Tag Archives: Central Bank / Central Bank Events

NZ cenbank will tighten its mortgage lending as the outlook for negative interest rates dims | Instant News


WELLINGTON (Reuters) – New Zealand’s central bank said Wednesday it will reimpose mortgage restrictions next year and is working with the government to fix the housing crisis, reinforcing the view that deeper interest-rate cuts into negative territory are now unlikely.

FILE PHOTOS: A security guard stands at the main entrance to the Reserve Bank of New Zealand located in central Wellington, New Zealand, July 3, 2017. Image taken July 3, 2017. REUTERS / David Gray

The government on Tuesday sent a letter to the Reserve Bank of New Zealand (RBNZ) asking it to consider factoring property prices as part of its policy amid widespread concerns about housing affordability.

RBNZ governor Adrian Orr said the central bank would consider the government’s proposal but needed to assess the impact of such changes on its goal of maintaining financial stability.

“We intend to work with the government in a prompt, constructive and open manner in assessing long-term solutions to housing affordability,” Orr told a news conference.

His comments came when the RBNZ announced plans to reimpose mortgage lending restrictions, called loan-to-value (LVR) restrictions, in March next year.

New Zealand bounced back sooner than expected from recession, but house prices have hit new highs prompting a government proposal to the central bank to include house prices in its monetary policy jurisdiction.

The New Zealand dollar surged to its highest level since mid-2018 on Tuesday, as a government letter was seen by markets as reinforcing expectations the central bank will refuse to move towards negative interest rates.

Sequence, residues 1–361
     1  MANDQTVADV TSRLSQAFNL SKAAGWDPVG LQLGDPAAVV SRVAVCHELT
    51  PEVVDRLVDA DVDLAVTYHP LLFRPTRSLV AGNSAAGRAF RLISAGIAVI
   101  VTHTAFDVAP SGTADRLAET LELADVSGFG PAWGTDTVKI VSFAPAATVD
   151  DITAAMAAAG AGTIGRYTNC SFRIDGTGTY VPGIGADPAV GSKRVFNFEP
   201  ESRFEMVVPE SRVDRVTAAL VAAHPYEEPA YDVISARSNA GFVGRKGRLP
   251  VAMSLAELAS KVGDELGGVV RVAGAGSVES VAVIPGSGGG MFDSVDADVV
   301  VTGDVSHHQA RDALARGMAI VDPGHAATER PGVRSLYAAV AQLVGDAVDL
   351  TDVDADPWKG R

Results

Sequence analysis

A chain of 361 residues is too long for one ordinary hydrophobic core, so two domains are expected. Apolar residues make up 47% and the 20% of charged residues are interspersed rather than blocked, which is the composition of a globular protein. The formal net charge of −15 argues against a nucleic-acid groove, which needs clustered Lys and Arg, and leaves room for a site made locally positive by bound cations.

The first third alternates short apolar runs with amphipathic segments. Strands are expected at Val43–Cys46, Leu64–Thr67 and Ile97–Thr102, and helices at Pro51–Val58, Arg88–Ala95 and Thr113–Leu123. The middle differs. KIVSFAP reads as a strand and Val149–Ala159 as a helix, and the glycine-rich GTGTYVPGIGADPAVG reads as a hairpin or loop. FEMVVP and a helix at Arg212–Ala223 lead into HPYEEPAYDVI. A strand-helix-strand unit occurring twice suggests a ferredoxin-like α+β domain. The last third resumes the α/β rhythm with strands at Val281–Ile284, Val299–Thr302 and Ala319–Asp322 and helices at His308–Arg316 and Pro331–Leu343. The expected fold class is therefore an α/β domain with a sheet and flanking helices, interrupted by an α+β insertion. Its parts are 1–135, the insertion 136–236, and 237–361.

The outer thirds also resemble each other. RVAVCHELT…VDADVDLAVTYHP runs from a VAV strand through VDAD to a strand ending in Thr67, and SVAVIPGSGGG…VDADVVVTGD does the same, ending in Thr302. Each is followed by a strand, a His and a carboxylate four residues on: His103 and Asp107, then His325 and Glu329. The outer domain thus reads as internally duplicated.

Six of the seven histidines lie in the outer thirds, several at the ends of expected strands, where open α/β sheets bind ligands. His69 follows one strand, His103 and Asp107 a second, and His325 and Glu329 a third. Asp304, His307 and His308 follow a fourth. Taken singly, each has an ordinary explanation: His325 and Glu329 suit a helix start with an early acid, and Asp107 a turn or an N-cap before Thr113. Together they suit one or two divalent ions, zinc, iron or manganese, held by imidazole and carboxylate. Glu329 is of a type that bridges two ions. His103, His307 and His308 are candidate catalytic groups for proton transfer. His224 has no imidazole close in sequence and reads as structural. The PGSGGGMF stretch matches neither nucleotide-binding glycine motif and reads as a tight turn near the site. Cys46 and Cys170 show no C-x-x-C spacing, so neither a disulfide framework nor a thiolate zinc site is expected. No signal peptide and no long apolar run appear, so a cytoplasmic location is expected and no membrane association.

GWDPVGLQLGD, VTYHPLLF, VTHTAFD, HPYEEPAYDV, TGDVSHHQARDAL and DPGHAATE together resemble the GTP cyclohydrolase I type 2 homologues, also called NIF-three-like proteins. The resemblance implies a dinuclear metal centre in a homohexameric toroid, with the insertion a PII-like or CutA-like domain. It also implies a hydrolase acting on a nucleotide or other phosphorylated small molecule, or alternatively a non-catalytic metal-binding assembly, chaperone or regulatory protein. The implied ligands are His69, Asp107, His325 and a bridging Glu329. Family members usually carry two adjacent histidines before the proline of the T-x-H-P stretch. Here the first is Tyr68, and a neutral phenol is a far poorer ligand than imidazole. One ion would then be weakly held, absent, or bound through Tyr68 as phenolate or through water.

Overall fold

“Given the news flow, the chances are increasing that the RBNZ will not accept a negative OCR …,” ANZ Bank Chief Economist Sharon Zollner said in a note.

When asked about negative rates, Orr said the RBNZ was operationally ready to implement them, if needed.

The RBNZ pumped NZ $ 28 billion into the banking system this month raising concerns that this will further inflame housing prices already heating up due to historically low interest rates.

Orr defended the bank’s move to stimulate the economy, saying housing has been a longstanding issue for policymakers, but the alternative is rising unemployment and more uncertainty as COVID-19 continues to affect the economy globally.

“The economy has proven to be one of the most resilient on planet earth. So it’s a fantastic result, “said Orr.

(This story corrects irrelevant words in the title)

Reporting by Praveen Menon; Edited by Tom Brown and Sam Holmes

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UPDATE, 3-NZ government asks cenbank to include red-hot housing that tames, NZ $ jump | Instant News


* NZ fin min sends letter to RBNZ governor regarding housing crisis

* The proposal includes housing in the RBNZ remit

* Says high house prices lead to financial stability risks (Added RBNZ Governor response and analyst comments)

WELLINGTON, Nov 24 (Reuters) – The New Zealand government has asked the central bank to consider factoring house prices as part of its monetary policy, Finance Minister Grant Robertson said, increasing the local dollar on market bets of less stimulus over the next year. .

As policymakers grapple with soaring house prices and the risk of a property bubble, Robertson said the government is reviewing housing policies, and has written to the Reserve Bank of New Zealand (RBNZ) asking what it can do to help slow the property boom.

He proposes to take house prices into account when formulating monetary policy, along with the bank’s existing inflation mandate and maximum employment.

“I think this move threatens bank independence and questions what areas the Reserve Bank needs to focus on right now,” said Brad Olsen, a senior economist at Wellington-based economic consulting firm Infometrics.

The New Zealand dollar surged to $ 0.6985, the highest since mid-2018, as the government’s move is seen as bolstering expectations the central bank will refuse to move towards negative interest rates next year.